The sun rises over Buyukkonuk’s pastoral land.Exotic birds announce the dawn of a new day;farmers on their roaring miniature tractors set about to work the land;chickens and hunting dogs prowl freely on the unpaved roads;the distinctive smells of manure hangs in the air and I cannot help myself feeling like a ‘farm boy’.
In the small hours,I leave my cosy ‘nest’ and trek along the fields.With each step,the bulky outline of the Besparmak range start to lit up under the warming sun.A gentle limestone track takes me up its flank;a lone snail stretches its slimy body across the rocks trying to reach the nearby meadow.Like him,I take small strides towards a vantage point.
From here,some two hundred meters high up;the land seems to have been cut into equal pieces and then patched up back together;the green blankets recede into the horizon and trees pop out the ground like ‘light-bulbs’.A long track-shaped by countless tractors day-trips to the fields-leads back to the shiny grey mosque’s minaret.The echo of the ‘call to prayers’ resonates against the rock face where the trail-head begins.I consult the information panels and decide to head to the appealing deep-blue waters of the Mediterranean (Akdeniz).
From a distance,the rugged coast seems hazy as the heat of the sun warms the land.I follow a wide track that meanders down through aromatic shrubs and a forested area.It is not long before I reach the main asphalted road;I take a detour from it and stand at the edge of a wooded cliff that dips down into the clear waters of the sea.The waves spill their white foam around the scattered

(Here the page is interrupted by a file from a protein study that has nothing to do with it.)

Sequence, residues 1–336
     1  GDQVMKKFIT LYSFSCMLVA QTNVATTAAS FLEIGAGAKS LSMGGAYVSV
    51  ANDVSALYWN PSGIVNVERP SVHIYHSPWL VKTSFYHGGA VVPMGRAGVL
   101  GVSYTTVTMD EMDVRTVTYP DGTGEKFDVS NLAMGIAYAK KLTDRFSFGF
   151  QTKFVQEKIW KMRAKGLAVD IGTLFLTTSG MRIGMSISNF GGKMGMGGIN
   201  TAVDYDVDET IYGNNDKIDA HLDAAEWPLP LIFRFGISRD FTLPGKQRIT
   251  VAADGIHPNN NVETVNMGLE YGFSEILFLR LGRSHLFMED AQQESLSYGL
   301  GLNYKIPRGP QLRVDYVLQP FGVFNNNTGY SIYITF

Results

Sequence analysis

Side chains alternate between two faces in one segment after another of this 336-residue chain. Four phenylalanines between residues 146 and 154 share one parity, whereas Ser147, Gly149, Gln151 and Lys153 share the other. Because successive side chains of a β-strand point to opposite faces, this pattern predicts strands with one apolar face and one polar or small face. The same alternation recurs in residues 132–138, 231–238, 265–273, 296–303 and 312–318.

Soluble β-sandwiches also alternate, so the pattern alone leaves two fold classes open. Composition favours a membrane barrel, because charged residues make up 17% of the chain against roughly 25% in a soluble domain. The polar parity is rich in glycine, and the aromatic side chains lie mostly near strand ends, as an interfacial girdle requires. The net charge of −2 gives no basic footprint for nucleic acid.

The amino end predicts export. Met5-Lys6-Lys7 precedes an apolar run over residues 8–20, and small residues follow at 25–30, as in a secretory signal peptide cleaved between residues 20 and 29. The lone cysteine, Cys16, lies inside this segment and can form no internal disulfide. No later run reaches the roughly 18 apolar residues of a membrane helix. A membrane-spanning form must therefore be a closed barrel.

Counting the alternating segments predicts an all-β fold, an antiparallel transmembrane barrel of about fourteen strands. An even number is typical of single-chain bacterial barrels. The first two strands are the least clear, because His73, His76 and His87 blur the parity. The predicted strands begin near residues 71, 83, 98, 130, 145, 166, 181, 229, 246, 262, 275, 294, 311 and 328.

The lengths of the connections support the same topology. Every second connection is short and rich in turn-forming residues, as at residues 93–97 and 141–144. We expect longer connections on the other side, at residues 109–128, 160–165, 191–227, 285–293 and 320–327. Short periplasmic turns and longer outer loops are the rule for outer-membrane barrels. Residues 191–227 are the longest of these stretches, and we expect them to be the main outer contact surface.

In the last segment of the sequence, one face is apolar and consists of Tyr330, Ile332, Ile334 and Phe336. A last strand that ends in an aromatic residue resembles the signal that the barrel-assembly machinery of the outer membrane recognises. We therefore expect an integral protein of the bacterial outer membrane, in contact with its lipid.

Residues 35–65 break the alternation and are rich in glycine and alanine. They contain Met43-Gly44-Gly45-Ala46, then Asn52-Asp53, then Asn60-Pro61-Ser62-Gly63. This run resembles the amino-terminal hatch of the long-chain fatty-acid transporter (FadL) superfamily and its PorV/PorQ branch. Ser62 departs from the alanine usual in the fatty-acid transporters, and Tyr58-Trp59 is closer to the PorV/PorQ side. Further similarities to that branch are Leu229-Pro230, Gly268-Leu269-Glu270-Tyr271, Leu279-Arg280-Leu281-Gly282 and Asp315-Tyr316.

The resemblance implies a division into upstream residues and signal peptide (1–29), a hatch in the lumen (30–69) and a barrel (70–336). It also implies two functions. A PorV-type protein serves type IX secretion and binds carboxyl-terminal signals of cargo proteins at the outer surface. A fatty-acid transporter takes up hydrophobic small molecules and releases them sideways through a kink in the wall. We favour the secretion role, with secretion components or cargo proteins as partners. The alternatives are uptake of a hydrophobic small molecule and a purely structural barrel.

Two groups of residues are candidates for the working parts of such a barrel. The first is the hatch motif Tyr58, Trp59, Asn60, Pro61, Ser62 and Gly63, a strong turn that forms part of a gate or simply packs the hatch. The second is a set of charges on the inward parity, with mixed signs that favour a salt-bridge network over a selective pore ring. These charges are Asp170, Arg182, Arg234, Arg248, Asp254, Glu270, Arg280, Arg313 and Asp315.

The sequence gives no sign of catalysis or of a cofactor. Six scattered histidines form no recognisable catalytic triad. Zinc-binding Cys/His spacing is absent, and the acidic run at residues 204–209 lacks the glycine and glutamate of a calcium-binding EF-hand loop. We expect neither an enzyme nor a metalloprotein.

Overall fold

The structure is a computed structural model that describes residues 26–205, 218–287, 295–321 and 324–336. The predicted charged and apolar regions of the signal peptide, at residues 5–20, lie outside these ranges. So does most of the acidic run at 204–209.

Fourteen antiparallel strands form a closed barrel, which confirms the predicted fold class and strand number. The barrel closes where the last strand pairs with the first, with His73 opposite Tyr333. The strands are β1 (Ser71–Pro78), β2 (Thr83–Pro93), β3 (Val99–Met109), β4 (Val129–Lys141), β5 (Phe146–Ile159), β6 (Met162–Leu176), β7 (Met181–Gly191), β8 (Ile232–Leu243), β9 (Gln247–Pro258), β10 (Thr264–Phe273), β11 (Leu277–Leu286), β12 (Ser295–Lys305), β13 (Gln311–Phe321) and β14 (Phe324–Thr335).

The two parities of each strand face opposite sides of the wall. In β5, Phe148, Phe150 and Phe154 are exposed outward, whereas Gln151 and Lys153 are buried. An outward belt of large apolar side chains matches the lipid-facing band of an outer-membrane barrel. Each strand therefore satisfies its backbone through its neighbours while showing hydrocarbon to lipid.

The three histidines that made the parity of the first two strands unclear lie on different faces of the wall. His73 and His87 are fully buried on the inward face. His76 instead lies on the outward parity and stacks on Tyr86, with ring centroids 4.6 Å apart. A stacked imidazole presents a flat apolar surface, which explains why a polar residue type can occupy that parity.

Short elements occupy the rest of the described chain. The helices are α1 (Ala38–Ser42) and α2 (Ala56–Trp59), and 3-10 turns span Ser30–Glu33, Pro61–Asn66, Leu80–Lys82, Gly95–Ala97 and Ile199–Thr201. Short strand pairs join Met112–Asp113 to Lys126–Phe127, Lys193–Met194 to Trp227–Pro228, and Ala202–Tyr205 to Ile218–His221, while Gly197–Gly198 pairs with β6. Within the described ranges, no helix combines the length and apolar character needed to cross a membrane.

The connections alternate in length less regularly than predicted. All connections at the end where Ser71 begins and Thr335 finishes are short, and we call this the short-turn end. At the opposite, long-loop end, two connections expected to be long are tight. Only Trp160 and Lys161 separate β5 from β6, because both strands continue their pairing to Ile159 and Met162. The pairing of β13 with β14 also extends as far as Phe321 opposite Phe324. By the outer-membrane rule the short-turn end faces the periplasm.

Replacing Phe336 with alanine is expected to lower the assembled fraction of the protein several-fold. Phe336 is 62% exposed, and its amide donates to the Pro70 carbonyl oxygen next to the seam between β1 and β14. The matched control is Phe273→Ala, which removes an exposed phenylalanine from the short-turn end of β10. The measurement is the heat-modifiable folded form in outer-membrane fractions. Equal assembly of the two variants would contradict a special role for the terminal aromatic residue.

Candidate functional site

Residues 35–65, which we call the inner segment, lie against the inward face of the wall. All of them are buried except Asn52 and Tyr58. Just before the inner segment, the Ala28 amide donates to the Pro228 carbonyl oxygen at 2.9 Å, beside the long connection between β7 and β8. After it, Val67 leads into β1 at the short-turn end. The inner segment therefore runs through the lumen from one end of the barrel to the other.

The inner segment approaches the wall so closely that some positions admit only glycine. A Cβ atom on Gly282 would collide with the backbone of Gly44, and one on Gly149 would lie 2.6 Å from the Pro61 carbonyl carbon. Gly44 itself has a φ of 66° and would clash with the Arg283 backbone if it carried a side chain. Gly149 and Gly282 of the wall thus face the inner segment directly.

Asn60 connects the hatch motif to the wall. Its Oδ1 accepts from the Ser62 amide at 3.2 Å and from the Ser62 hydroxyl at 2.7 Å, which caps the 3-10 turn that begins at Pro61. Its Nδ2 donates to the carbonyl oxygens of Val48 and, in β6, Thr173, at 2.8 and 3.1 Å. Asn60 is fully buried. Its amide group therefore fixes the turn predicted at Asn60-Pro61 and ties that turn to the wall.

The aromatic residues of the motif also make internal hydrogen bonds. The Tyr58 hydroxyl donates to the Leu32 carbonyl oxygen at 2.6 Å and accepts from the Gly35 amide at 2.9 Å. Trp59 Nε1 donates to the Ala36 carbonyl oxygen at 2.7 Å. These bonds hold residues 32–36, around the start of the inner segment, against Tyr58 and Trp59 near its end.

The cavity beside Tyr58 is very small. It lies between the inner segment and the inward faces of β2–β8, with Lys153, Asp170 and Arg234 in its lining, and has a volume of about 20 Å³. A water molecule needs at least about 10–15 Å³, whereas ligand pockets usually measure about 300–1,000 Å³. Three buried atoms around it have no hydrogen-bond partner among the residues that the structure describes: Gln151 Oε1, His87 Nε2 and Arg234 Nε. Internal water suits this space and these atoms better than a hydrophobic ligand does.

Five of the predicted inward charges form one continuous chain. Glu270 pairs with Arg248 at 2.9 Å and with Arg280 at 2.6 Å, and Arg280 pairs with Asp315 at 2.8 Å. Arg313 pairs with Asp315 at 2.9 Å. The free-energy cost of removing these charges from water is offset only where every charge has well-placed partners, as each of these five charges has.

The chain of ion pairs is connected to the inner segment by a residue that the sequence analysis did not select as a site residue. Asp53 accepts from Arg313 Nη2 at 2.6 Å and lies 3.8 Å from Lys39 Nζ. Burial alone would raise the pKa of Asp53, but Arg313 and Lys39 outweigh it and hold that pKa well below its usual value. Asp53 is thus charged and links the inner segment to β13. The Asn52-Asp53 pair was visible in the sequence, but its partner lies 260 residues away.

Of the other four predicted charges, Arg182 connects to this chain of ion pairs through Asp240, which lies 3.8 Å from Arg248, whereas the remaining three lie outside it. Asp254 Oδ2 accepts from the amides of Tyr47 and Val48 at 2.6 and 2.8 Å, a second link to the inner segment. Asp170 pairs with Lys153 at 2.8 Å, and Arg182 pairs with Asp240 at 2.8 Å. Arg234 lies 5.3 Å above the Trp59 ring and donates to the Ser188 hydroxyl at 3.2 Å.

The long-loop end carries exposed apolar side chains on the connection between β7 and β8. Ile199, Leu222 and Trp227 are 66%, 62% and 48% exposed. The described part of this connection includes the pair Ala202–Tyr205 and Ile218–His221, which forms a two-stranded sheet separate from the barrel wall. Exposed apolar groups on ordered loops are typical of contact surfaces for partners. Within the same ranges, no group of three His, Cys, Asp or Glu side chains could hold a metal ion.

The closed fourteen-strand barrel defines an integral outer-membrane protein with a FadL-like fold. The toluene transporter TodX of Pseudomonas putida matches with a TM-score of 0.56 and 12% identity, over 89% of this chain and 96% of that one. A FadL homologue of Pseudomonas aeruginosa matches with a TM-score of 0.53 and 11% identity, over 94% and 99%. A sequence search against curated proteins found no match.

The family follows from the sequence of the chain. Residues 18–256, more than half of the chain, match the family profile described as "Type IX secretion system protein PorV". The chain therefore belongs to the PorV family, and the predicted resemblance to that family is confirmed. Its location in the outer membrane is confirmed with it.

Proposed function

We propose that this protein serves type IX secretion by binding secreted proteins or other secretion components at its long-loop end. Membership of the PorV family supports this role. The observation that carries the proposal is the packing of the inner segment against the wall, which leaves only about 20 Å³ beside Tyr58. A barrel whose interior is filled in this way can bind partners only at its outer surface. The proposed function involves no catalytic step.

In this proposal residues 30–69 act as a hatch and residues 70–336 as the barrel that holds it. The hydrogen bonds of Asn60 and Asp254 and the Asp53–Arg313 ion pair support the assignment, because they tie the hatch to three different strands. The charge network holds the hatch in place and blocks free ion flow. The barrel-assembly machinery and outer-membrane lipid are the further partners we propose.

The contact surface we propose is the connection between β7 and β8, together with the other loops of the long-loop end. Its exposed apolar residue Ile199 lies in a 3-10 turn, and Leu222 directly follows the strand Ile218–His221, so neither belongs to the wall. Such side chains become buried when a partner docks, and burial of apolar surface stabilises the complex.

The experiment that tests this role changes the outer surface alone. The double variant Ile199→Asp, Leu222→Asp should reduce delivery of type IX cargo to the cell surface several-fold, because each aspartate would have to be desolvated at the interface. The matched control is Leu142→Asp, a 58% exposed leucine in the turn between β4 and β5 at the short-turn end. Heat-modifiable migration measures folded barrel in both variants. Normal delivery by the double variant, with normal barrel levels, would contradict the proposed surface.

and I can discern the floating movement of fluffy green algae around the rugged rock edges.
Pushed by a sudden urge to eat fish,I head back onto the main road.I am hoping to find a restaurant along the way.After about half an hour,a car sounds its horn and offers me a lift.The driver speaks good English and drops me off at a restaurant that specialises in local fresh fish.I cannot believe my luck and order sea bass and chips(cips).I take this opportunity to review the pics of the day and take my leave.There is another event taking place in Buyukkonuk which I would like to attend.
The eco-market welcomes everyone with an interest in natural local produces.It promotes values of how to use natural resources;it shows tourists alike what can be achieved with a careful use of nature’s gifts (jams,breads,woven baskets,wooden utensils…);it preserves other resources for the coming generations;and moreover it satisfies the tastebuds as one can appreciate the unique taste of a fig flavoured jam for breakfast.This event is only an introduction to the praised eco-festival (May) which features:workshops,dances and more local produces(cheeses,meats,herbs,pots pourri..).I can see myself taking part and learn so much from it but my time here in rural Karpas has come to an end and I must pack my bags as the southern coast of Turkey (Lycia) awaits. Laurent